Quake in Kentucky rattles areas close by

Saturday, June 7, 2003

When the ground began lightly shaking under Stephanie Burton's feet, she thought it was from the roadwork that was going on along Highway 146.

"We thought it was heavy equipment," said the 18-year-old waitress at Courtney's Restaurant. "We didn't even hear about an earthquake until a few hours later."

An earthquake in western Kentucky shook things up in Southern Illinois and across the region early Friday, causing minor damage.

An earthquake measuring 4.5 in magnitude erupted one mile south of Blandville, Ky., at 7:29 a.m., according to the U.S. Geological Survey. The epicenter is about 15 miles south of Cairo at Illinois' southern tip.

While some broadcast reports said that Cape Girardeau residents felt the earthquake, the Cape Girardeau Police Department said it fielded no such reports.

Cairo vibration

But Linda Sullivan, a bookkeeper with Guetterman Motors in Cairo, about 35 miles from Cape Girardeau, felt it from her home in Wickliffe, Ky.

"I had just sat down on the side of the bed to dry my hair and the cat jumped on the bed and I thought it was the cat," she said. "But then I noticed the bed vibrating and knew it had to be something else. But it was over before I was certain what it was."

It was felt as far west as St. Louis' western suburbs, as far north as Alton and as far east as Evansville, Ind., according to the U.S. Geological Survey. Residents in Arkansas, Tennessee and Alabama also reported feeling the quake.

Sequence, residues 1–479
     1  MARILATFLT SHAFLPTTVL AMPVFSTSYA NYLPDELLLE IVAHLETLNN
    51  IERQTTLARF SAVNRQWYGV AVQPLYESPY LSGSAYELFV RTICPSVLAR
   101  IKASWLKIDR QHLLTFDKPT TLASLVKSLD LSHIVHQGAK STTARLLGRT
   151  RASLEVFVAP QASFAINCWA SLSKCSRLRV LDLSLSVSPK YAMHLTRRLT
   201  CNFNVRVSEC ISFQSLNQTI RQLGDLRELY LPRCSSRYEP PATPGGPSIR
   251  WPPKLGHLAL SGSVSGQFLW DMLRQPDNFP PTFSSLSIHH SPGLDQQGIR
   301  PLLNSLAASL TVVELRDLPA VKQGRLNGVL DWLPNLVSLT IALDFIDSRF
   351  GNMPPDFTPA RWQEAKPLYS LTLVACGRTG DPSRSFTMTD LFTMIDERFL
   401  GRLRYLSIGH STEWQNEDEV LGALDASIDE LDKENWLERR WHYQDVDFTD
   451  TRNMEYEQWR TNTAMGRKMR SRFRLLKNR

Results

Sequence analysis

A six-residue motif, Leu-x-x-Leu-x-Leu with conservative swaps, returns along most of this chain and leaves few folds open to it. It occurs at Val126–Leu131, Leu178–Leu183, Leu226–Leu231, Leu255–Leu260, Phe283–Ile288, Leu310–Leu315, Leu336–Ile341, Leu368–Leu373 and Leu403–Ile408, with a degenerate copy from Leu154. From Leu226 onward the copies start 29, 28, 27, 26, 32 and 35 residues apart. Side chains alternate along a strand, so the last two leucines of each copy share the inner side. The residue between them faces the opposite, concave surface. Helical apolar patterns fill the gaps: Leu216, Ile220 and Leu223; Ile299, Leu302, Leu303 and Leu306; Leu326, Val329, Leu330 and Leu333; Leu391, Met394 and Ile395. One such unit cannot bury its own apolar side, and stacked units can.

The Illinois Emergency Management Agency said no one was injured and there were no reports of Illinois damage. There were no early reports of injuries in other states, either.

But the earthquake cracked sidewalks, broke windows and knocked pictures off walls in western Kentucky, said Donna Laird, the emergency management director for Carlisle County in that state.

And it jolted some in Cairo awake Friday morning, including Alexander County's emergency services coordinator, Bobby Mayberry.

"Something fell off the dresser in my bedroom and made the house shake," Mayberry said. "I've felt earthquakes before, and this was far the strongest."

Although the Cairo Police Department's emergency services coordinator fielded 35 to 40 phone calls from worried residents Friday morning, everyone was OK, said Marty Nicholson.

"It was a good wake-up call," she said. "We need to be prepared for these things."

Gary Patterson, a geologist with the Center for Earthquake Research and Information at the University of Memphis, said those who worry about the New Madrid Fault shouldn't worry about this being a precursor for a bigger quake.

"Nobody thinks this is a precursor or that any of the activity is out of the ordinary," he said. "This doesn't look like anything that should cause alarm."

But he did say this should be a reminder that this is "earthquake country."

"Damaging earthquakes will likely occur again," he said. "We don't know where or when exactly. But history is enough to know we should be concerned."

Business editor Scott Moyers contributed to this report.

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